East Side resident Jeremy Sartain teaches East Side kids basic bike repair skills, such as how to replace a tire or inner tube. (Marjorie Otto/Review)
East Side resident filling a need for youth programs
“There’s just not a heck of a lot for teens to do around here,” says Jeremy Sartain, an East Side resident and creator of ESP (East St. Paul) Bikes.
Sartain is using bicycles to get East Side youths involved in their community and to learn some valuable skill sets. He teaches them how to fix donated bikes and then has them give them away in the community.
The idea of instructing kids on how to repair bikes came about in an unlikely way -- after a bike theft.
In 2015 Sartain had two of his bicycles stolen from his garage. One bike was traced by police to a nearby pawnshop. While searching for his second bike, Sartain noticed many homes in his neighborhood had a bunch of bikes, but most were inoperable because no one knew how to fix them up.
Field Four will have its inaugural pitch on Saturday, April 30, depending on the weather. (Marjorie Otto/Review)
After 2,000 hours of volunteer work clearing brush and waiting through a cold, damp winter, Parkway Little League will be using its new fourth field starting April 30th, for the organization’s 61st season.
In continuing research into the Rush Line and its effect on east metro communities, the Rush Line Pre-Project Development study held a developer roundtable discussion recently to evaluate how businesses expect development to evolve along the Rush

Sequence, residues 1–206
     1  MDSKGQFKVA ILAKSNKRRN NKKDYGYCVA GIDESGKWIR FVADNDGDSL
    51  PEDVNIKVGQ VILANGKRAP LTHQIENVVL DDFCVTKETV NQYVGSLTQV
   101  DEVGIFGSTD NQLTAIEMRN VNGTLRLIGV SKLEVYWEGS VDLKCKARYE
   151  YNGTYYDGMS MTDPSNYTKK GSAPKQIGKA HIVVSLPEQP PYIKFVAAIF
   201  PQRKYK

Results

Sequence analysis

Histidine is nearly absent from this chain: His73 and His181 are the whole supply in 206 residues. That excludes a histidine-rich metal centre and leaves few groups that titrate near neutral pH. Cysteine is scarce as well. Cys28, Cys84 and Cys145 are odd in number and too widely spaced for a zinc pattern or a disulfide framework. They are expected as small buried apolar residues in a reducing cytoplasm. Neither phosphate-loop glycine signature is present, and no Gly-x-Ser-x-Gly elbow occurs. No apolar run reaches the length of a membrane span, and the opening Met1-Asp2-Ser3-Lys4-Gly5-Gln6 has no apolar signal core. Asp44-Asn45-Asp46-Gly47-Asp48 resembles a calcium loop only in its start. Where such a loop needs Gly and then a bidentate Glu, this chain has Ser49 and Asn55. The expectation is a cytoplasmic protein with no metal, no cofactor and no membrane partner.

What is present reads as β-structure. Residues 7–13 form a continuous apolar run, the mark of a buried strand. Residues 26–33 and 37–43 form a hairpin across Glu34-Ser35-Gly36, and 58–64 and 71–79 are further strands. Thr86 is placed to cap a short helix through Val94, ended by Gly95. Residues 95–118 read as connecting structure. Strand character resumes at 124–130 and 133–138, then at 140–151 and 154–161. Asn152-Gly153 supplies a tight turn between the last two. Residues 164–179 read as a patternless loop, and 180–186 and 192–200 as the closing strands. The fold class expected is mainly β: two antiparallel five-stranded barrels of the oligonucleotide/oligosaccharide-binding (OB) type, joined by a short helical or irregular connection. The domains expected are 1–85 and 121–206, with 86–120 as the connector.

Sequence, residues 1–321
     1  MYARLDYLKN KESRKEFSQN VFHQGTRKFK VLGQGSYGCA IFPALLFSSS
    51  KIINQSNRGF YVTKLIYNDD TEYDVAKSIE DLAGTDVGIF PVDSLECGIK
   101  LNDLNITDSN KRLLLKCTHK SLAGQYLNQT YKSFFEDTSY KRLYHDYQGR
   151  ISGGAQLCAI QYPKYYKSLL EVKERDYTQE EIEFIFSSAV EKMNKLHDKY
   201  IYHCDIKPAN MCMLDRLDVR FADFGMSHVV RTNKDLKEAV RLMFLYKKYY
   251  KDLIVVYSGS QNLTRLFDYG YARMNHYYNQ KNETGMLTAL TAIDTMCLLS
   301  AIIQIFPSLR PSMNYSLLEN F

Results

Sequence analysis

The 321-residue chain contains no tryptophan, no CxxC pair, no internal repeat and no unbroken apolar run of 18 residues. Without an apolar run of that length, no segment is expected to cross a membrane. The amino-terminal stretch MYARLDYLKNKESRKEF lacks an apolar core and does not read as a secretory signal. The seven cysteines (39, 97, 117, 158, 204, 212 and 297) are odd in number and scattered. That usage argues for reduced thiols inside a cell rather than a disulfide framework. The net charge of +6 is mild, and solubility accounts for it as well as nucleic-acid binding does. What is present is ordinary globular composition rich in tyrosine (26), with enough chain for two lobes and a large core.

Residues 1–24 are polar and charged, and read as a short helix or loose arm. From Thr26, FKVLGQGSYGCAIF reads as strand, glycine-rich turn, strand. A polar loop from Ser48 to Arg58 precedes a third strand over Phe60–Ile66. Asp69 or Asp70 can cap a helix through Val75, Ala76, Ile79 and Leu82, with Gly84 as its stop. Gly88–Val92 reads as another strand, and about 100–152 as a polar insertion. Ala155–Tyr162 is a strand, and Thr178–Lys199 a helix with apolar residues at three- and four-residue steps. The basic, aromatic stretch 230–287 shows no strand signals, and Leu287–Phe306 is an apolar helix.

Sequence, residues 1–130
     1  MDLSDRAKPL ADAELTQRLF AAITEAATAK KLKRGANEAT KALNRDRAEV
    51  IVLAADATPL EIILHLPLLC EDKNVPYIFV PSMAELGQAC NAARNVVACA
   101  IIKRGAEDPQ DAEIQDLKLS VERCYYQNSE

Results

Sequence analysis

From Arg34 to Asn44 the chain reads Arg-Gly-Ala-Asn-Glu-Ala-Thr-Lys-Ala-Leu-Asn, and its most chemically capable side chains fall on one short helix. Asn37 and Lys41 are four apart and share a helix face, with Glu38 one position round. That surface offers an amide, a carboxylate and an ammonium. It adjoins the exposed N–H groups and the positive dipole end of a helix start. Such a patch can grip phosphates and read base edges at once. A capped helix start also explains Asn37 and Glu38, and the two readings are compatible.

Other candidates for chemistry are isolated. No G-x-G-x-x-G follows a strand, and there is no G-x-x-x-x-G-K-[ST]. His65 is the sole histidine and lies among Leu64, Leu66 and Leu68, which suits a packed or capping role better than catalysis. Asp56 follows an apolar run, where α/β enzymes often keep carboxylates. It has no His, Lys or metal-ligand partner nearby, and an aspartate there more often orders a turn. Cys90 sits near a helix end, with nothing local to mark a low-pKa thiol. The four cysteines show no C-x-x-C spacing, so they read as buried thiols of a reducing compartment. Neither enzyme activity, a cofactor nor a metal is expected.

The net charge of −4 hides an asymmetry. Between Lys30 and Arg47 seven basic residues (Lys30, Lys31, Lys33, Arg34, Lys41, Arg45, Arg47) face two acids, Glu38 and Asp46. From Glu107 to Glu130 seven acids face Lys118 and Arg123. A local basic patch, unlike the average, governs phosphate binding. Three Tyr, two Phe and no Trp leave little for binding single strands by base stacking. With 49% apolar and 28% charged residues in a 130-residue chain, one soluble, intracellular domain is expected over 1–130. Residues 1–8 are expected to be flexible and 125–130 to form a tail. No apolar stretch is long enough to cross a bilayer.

The state competition participants, the Trash Talkers, from left to right, are Daisy Vang, Bilise Kumela, Chance Vang, Louis Barrett, YuePheng Yang, Lance Lee, Mitchell Belland, Derek Johnson, Christian Agaba, Delila Yang, Emma Wolters and Natalie Barrett.
At Farnsworth Aerospace, fifth- through eighth-graders are learning that the ability to work with others peacefully is key to problem-solving.
Above, with demolition taking only a few hour to complete, the lot will now be developed into a surface parking lot beginning this spring. Below, the 393 Bates Ave. home was built in 1929 and was the last house on the block, which is now being developed by Metro State University for additional parking. (submitted photo)
The 1929 adobe home at 393 Bates Ave. was finally demolished the morning of Feb. 24.
Within a couple of hours, all that remained was a muddy hole and a pile of trees, with debris from the home already hauled away.